was out streamside seeing things that aren’t really there,
when out of the corner of the eye i saw this beautiful little puff look up in my direction and continue towards me picking up wee morsels along the way, chomping them down quickly.
the main camera and tripod where precariously balanced on a pointy boulder so i grabbed a few images of Mr. Mouse with the phone. its not the smallest of phones but i can only imagine that it probably must have seemed as a wall to him but that was neither here nor there for this guy, he was on a mission, a straight-line mission.
here he is bottom-right pushing against the phone to get through ! 😆
take care Mr. Mouse, you made my day.
poor guy. an exciting name like Publius Vergilius Maro gets vulgarly reduced to Virgil to what, simplify its pronunciation to the masses ?… anyhow, Publius the Poet wasn’t referring to some schmaltzy romanticism when he wrote that but was a deep understanding of one of the only real boundaries that nature on earth has to offer. shores, whether they be in fresh or salt, in still, flowing or seas are the demarcation point between us and them but its also where the two of us can meet as we’re both inextricably attracted to this boundary each one safely in our comfort zones. sometimes we mingle, sometimes we don’t and that’s just fine because something within told us to go there and we simply did what we where supposed to do.
meh… there i go doing exactly one of the things i dislike the most about contemporary photography and any kind of art in general. something i’ve (unsuccessfully) been (mildly) fighting against ever since i did photo school in 1982:
finding the need to put words to images where the image should tell the story on its own and whatever the viewer sees or not or feels or not is their own private business and not mine. besides, i’m a really shitty writer, i know it. it’s just not my thing and i definitely don’t enjoy it and it shows. i’ll try to not fall into that trap again so,
here’s a shore that had its own story to tell.
which sort of describes how I feel at the moment but while I still have my shuck, this little guy’s a lot better looking than me.
here’s a first glimpse of my annual springtime Scottish tour that I hope you’ll enjoy.
“Aquatic entomologists place little emphasis on body color when attempting to identify a mayfly species. They collect virgin, male, mayfly spinners, and dissect them to clearly see their penes (mayflies have two). They then count the spines on the penes and compare them to photos in books to identify each species. There is no way to be sure of the species from a female spinner, and you may not be able to tell from a nonvirgin male. No kidding! I couldn’t make this stuff up.”
see ? as seemingly far-fetched, mind-boggling, thought-provoking and mostly giggly because it’s not like these two thingies are going to double their pleasure.., as much as i like to make up shit i didn’t make up this post’s title either.
seeing how some aquatic bugs breathe through their butts and then all the others do all sorts of other weird things, that one little fact (ok, two) doesn’t help us all that much if we’re trying to match a hatch on the stream but it’s all good to know because well, knowing is better than not knowing, it’s cool and this kind of stuff is just a reminder that fiction usually isn’t so far-fetched after all. the weird and mostly wonderful is all around us and it’s real.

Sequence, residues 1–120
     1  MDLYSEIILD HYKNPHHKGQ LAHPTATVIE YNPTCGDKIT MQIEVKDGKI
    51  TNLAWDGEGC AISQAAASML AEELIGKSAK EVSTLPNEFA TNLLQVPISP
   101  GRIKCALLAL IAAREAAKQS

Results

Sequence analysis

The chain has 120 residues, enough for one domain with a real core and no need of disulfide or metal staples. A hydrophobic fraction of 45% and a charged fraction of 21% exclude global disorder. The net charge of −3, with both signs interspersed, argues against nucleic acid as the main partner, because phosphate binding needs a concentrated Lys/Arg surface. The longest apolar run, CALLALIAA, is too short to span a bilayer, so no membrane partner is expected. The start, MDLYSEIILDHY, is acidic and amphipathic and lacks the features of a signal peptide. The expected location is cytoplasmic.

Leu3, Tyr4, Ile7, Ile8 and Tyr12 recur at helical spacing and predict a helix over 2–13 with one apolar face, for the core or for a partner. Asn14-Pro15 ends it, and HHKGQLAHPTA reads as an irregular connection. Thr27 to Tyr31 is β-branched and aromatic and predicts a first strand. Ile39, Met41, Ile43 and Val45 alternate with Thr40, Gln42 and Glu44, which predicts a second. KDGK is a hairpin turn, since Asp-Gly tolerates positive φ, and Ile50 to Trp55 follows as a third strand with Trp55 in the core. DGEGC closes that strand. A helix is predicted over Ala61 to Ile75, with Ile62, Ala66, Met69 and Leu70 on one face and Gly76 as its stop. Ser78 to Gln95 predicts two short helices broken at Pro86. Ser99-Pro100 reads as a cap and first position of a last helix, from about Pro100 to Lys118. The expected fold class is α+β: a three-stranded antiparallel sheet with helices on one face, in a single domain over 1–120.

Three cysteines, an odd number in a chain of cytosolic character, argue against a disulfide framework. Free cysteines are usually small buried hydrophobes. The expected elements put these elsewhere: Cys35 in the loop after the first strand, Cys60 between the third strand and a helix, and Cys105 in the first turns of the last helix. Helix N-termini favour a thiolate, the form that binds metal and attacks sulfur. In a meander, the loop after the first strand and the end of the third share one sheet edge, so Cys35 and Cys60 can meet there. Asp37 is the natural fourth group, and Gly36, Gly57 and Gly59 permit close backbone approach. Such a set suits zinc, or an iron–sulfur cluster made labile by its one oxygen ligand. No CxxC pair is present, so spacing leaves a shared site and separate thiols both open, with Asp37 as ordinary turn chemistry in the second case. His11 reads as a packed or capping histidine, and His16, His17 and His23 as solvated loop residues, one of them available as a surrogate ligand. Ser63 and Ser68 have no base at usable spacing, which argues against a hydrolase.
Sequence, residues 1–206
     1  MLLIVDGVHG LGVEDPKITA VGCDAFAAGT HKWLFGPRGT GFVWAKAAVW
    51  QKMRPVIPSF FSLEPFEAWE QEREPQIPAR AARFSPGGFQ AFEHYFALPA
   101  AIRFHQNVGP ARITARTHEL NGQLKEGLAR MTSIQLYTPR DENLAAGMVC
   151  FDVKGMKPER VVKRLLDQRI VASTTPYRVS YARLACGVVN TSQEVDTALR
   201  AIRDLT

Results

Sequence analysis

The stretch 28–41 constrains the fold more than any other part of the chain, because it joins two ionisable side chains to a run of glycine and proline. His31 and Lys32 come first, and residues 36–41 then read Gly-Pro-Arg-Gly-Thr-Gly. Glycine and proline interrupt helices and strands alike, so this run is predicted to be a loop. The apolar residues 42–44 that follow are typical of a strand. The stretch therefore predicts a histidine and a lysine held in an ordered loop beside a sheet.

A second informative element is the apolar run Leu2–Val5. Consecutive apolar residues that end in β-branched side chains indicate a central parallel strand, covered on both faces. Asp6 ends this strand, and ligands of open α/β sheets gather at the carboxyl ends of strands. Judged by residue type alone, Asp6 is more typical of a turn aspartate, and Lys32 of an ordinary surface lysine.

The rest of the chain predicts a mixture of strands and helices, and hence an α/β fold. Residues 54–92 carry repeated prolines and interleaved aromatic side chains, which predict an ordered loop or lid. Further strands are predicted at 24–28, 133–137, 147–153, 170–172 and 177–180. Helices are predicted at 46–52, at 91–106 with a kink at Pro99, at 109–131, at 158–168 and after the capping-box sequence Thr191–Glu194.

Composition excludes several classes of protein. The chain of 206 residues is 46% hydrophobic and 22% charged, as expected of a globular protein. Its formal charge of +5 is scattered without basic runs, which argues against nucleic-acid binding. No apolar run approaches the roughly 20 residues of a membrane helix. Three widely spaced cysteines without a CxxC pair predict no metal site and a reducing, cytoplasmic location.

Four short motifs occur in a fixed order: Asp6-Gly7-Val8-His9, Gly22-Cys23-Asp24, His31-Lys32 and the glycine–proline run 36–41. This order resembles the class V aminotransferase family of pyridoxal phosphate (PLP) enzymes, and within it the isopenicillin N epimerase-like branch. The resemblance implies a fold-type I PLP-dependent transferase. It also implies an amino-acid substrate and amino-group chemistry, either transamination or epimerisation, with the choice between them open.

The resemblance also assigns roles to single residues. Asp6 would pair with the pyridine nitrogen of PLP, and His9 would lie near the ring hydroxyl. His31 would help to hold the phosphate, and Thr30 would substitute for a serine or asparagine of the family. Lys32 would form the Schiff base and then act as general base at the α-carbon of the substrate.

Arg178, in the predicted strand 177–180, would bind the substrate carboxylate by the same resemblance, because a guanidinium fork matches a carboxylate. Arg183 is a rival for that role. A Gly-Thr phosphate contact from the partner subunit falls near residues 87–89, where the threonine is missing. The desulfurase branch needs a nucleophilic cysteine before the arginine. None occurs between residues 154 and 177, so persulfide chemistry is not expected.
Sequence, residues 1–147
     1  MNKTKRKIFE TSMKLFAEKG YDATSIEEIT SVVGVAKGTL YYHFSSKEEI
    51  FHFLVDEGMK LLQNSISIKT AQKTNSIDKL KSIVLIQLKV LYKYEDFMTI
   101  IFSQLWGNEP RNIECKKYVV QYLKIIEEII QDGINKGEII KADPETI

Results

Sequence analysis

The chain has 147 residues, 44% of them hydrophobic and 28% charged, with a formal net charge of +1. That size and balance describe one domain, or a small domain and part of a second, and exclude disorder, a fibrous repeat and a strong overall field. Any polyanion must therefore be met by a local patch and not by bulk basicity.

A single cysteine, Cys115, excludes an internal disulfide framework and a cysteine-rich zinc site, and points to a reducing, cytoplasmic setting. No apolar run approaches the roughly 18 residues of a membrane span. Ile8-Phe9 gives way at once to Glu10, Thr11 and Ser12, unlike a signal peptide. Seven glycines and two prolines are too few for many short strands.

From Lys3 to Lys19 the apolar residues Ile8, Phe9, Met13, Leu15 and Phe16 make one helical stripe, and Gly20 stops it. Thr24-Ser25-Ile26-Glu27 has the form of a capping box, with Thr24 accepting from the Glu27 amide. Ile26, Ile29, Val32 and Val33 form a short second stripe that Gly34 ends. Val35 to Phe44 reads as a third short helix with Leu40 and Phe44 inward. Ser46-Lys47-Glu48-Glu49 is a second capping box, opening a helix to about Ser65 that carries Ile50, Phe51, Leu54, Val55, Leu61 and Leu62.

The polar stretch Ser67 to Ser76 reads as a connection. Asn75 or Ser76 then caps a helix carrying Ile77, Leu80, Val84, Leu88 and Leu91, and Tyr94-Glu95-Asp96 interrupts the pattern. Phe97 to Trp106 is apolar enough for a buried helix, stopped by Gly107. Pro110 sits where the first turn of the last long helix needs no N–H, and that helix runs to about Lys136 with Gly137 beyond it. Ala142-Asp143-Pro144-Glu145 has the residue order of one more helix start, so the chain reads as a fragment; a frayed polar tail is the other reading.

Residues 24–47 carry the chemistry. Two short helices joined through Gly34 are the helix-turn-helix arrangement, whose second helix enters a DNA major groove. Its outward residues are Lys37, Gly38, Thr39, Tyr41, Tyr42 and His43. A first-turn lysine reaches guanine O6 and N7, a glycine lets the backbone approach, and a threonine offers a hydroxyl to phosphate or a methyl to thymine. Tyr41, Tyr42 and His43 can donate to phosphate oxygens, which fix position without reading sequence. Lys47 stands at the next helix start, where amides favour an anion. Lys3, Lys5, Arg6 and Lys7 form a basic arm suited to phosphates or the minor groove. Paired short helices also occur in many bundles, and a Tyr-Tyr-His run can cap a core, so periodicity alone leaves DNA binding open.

Paul Weamer’s excellent article, Understanding Mayflies on Fly Fisherman -via Erin Block’s super-duper Tippet section at MidCurrent- doesn’t give us all the answers either but goes a long way in getting to know our little friends a little better.
click either pick to access the complete article and please excuse the fact that the main character in the second image isn’t a mayfly but hey, it might turn into one if you stare at it long enough… enjoy !
this little farm pond has had many names in the past. it started as Mystery Pond X but that’s so common it was regularly confused with all the other Mystery Pond Xs around the globe so i had to get a little creative.
it used to have stocked rainbow trout in it so Lake Trouto seemed to make sense, at least in a non-confusing yet highly mindless and tacky way. the owner, a very kind, gentle and very old man whose nose is the same colour and size as a basketball stopped stocking trout a while back and the ones that where left-over eventually turned into food for furred, winged and slimy two-legged creatures but there had always been grass and common carp in there so Trouto turned into Carpo.
Lake Carpo sounds cool but after ten or so, yes, ten or so years… i’ve yet been able to properly hook one of these scaled giants. i did foul hook a grass carp whilst targeting trout years ago but it broke off the tippet in about as much time as it takes to say Lake Carpo three times really quickly. the carpers out there will scoff at my lack of success but that’s something i can live with. i’ve caught plenty of carp but just never in this little ghost carp pond-hell and that’s ok too because maybe that’s what will make Carpo so memorable.
next up was the small yet always fun and forever beautiful perch that seemed to thrive in there. i’d had several 50+ perch landing days with a personal best of 76 but they seem to have teleported themselves wherever it is that perch teleport themselves. i almost forgot, at that stage the pond of course took on the Lake Percho nomenclature. normal.
i’m probably wrong but for the moment i consider this pond to now be fishless to the point where i still go regularly to practice my casting but don’t even bring any flies to not be distracted if some fish happened to magically appear.
you got it, things go full circle so in a fit of total lack of renaming creativity, this little cutie has a new name:
Casting Pond X.
this is the back view at CPX. funny, i’d never noticed how beautiful it could be…